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Ngakpa Live – Online

With Pema Khandro

November 25, 2020
The Ngakpa Training offers in-depth study... of Vajrayana Buddhist history, philosophy and practice, focusing on the Inner Tantras of the Nyingma Tradition, also known as MahaYoga, AnuYoga and Dzogchen...
Pre-requisites Required to Register. For More Information, Email Info@Ngakpa.org

Buddhist Philosophy Online, Open Teaching Webcast

With Pema Khandro

November 25, 2020
This is a monthly class to support your meditation practice and meet the challenge of integrating meditation into a full, dynamic life […]
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Vajrayana Training – Online

With Pema Khandro

December 2, 2020
In web-classes, meeting twice a month, students will discover how to understand the pivotal principles of Tibetan Buddhism[…]

Vajrayana Training – Online

With Pema Khandro

December 9, 2020
In web-classes, meeting twice a month, students will discover how to understand the pivotal principles of Tibetan Buddhism[…]

Birthday Fundraiser Event – Online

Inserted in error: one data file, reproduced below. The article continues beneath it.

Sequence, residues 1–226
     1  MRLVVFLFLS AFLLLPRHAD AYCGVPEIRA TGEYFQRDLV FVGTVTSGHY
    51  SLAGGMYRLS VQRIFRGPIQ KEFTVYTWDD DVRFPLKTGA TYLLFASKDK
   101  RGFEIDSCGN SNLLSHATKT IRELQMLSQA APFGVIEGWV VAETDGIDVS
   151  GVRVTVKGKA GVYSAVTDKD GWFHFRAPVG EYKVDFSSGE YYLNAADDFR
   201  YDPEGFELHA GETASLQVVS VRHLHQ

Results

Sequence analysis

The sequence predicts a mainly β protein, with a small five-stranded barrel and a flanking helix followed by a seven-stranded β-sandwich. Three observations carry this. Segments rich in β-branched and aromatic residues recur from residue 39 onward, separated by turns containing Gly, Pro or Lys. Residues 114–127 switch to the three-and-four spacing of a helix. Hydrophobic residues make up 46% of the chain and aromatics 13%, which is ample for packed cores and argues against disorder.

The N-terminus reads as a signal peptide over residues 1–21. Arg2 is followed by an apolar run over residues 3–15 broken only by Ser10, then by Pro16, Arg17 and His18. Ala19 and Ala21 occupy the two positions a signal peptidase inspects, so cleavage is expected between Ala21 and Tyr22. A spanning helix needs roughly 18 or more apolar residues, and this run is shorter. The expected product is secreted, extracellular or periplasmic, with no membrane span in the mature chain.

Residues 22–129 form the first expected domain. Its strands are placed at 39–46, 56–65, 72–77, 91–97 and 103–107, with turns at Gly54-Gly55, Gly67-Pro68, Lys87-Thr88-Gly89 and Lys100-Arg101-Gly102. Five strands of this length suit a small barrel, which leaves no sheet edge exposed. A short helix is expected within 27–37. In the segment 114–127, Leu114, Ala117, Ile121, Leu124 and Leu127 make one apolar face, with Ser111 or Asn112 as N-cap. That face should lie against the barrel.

December 16, 2020
Pema Khandro Rinpoche's Birthday Celebration & Fundraiser Details TBA, check back soon...
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Ngakpa Live – Online

With Pema Khandro

December 23, 2020
The Ngakpa Training offers in-depth study... of Vajrayana Buddhist history, philosophy and practice, focusing on the Inner Tantras of the Nyingma Tradition, also known as MahaYoga, AnuYoga and Dzogchen...
Pre-requisites Required to Register. For More Information, Email Info@Ngakpa.org

Buddhist Philosophy Online, Open Teaching Webcast

With Pema Khandro

December 23, 2020
This is a monthly class to support your meditation practice and meet the challenge of integrating meditation into a full, dynamic life […]
Register Now

A mark of familiarity with Buddhism is to become aware of the diversity of Buddhist schools and sects, Buddhist views and philosophies and the diversity of Buddhist audiences. One could be surprised to encounter Buddhism in different settings and find out that there are radical differences from context to context. Our information age offers encounters with traditions from different countries, lineages and teachers. It is an avalanche. At times it can present a bit of a maze, but this diversity offers a diverse array of resources for understanding our mind, our world and ourselves. If you are looking for the one “truth” you won’t find it. Instead you will find something more honest, more real – life in all its vivid complexity.

Tibetan Ngakpas (Buddhist Yogis)
Tibetan Ngakpas (Buddhist Yogis)